Thursday, 8 January 2015

THE CURATED GARDEN: A MUSEUM?

MUSEUM INNOVATIONS

BY: JAIME CLIFTON-ROSS

As I discussed in a previous post, many MMSt students consider a variety of organizations and institutions as museums. Our studies at the iSchool encourage us to think outside the box and explore venues beyond the realm of the traditional artefact-based institutions (be sure to check out our Mission page, which lists some sites that we consider as museums). As I learned last semester in Dr. Irina Mihalache’s class, Interpretation and Meaning Making, interpretive planning originated in parks before migrating to museums. Considering museums adopted practices developed to enhance education and engagement in parks, can we not consider public gardens as museums as well?
Butchart Gardens Spring, Summer, Fall, and Winter Collage
Butchart Gardens Spring, Summer, Fall, and Winter Collage. All photos from Butchart Gardens Website
During my winter holidays, I travelled to Victoria, BC—the self-titled garden city of Canada, which also happens to be my hometown. I’ve visited the lovely Butchart Gardens numerous times over the years, often during Christmas, as it became a holiday tradition. The site is made up of a variety of “curated” and manicured floral displays, reminiscent of historical British, French, Italian, and Japanese gardening practices. Because it preserves 19th and 20th century gardening aesthetics (often uncommon in Canada as a result of our cold climate), the gardens are officially designated a National Historic Site. Vancouver Island’s incredibly mild climate, one that heavily contrasts the rest of Canada, makes it the perfect locale for such a site.

My experience at the gardens this year was quite different from my previous visits. For whatever reason, I had never noticed the series of plaques placed throughout the gardens that explore the story of its creation. Armed with museum insight, I couldn’t help but notice the garden’s approach to interpreting the history of the site. Short yet equally compelling descriptions, strategically placed in front of noteworthy spaces, helped convey the “provenance” of the sites of display.

Before and After: From Quarry to Garden. University of Waterloo.
Unbeknownst to me, the gardens were originally a limestone quarry owned and operated by American cement pioneer, Robert Pim Butchart (1856-1943). He also owned a cement plant at Tod Inlet that supplied cement across the west, from Victoria to San Francisco. After the quarry was exhausted of limestone deposits in 1909, his wife, Jennie Butchart (1866-1950), transformed the barren site into a breathtakingly lush “sunken garden”. She worked with the prominent Canadian architect, Samuel Maclure, who channelled the English Arts and Crafts aesthetic in his landscaping designs.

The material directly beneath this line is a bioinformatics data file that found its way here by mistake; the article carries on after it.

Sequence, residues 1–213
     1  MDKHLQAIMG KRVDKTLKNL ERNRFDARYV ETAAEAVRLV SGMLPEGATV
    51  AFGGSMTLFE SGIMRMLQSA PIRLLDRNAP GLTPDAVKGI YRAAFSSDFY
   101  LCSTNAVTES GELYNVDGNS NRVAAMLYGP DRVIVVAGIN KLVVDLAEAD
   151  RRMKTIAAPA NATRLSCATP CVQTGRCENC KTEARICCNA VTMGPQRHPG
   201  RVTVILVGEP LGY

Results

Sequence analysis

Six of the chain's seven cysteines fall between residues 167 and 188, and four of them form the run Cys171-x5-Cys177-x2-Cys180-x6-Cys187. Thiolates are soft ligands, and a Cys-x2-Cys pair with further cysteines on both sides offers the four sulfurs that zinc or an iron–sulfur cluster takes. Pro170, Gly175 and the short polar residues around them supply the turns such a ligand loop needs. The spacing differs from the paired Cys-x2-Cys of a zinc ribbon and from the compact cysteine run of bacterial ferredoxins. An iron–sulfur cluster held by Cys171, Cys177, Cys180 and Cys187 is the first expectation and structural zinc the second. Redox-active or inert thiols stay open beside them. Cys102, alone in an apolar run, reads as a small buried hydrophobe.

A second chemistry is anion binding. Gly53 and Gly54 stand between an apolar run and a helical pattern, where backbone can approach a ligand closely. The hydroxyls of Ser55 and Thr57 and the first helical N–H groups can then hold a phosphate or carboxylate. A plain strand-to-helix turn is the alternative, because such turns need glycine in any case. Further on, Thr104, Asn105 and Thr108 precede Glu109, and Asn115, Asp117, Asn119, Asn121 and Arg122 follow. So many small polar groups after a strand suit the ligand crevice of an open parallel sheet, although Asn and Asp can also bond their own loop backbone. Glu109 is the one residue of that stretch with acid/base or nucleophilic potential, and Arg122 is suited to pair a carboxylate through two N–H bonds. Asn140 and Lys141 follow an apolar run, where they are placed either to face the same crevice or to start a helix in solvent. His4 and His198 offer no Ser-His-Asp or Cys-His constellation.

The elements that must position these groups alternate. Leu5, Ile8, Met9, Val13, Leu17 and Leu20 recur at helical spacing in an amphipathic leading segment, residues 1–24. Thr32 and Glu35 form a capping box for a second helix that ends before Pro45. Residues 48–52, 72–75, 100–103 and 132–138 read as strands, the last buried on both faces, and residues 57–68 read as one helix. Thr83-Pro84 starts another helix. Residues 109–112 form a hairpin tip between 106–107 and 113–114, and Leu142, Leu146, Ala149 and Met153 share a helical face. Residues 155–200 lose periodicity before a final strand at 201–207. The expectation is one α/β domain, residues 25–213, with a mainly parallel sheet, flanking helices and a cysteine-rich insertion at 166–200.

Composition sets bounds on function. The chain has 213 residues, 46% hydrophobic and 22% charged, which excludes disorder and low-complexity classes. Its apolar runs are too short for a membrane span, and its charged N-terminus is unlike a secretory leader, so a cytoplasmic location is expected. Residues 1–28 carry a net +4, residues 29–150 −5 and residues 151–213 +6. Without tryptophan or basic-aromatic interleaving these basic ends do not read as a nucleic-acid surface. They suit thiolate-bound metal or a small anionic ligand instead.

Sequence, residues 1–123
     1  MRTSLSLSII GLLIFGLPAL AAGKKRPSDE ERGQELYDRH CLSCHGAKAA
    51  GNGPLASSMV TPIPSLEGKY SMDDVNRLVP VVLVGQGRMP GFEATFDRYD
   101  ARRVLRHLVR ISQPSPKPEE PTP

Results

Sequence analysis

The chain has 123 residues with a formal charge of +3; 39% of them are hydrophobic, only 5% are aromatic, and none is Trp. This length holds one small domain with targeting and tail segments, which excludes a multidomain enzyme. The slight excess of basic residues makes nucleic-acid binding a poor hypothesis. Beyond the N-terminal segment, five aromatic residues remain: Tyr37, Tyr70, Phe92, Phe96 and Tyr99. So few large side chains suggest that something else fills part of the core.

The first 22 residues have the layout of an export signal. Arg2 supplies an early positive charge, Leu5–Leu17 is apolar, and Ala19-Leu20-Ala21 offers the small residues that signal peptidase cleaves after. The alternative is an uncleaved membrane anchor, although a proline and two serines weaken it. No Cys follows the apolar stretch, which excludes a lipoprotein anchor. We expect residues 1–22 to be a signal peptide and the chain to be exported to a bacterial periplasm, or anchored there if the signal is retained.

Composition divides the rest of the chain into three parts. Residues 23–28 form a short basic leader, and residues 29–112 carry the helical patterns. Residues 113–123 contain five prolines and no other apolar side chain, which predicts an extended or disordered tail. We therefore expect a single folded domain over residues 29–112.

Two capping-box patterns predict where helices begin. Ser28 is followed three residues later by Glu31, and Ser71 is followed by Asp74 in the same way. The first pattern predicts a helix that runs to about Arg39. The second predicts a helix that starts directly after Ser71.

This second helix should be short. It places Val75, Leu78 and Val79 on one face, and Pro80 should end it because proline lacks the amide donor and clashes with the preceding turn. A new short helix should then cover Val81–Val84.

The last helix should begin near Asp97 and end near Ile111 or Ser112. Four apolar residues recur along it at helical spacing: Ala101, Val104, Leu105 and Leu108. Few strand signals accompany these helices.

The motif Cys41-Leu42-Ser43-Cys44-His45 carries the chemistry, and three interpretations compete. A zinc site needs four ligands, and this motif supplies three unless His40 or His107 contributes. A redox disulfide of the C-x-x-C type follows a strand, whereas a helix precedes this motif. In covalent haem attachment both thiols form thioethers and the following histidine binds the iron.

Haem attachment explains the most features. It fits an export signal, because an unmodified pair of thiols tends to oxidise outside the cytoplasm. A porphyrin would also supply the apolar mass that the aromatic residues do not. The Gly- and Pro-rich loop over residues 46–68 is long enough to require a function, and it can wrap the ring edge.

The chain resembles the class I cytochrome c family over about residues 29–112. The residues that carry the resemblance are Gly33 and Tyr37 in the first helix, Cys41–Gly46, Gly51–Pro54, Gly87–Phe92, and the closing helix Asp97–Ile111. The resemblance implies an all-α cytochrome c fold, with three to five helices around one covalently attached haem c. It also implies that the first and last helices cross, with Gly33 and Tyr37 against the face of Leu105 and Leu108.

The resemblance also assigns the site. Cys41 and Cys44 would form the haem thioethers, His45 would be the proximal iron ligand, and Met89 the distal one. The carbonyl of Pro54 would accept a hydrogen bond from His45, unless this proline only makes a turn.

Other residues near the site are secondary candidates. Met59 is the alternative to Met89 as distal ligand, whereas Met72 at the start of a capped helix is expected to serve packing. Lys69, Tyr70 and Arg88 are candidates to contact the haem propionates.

Robert and Jennie Butchart.
Robert and Jennie Butchart. 
Between 1906 and 1929, Jennie continued to build grandiose floral displays, which now include a seaside Japanese Garden, an Italian Baroque Garden, a Mediterranean Garden, a Rose Garden, as well as various sculptures and water displays. She even built a star-shaped pond for her husband’s family of ducks! But don’t worry about the the environmental impact of the gardens, as they are maintained by a self-sufficient irrigated water system that is supplied by wells and reservoirs filled with rain water. Be sure to check out their official website for more details.


Because the family gardens were passed down from generation to generation, they gradually transformed into what they are today. The family began hosting outdoor symphony concerts, theatrical stage shows, operatic performances, water and firework spectacles, and even puppet shows. These events helped establish the gardens as a world class tourist site. During Christmas the gardens are decorated in spectacular light displays guided by the traditional Christmas song, The Twelve Days of Christmas. Visitors can also enjoy an outdoor skating rink (a complete phenomenon on Southern Vancouver Island) as well as Christmas carollers. Visitors can also dine at The Dining Room Restaurant, explore their gift shop, and even ride a carousel.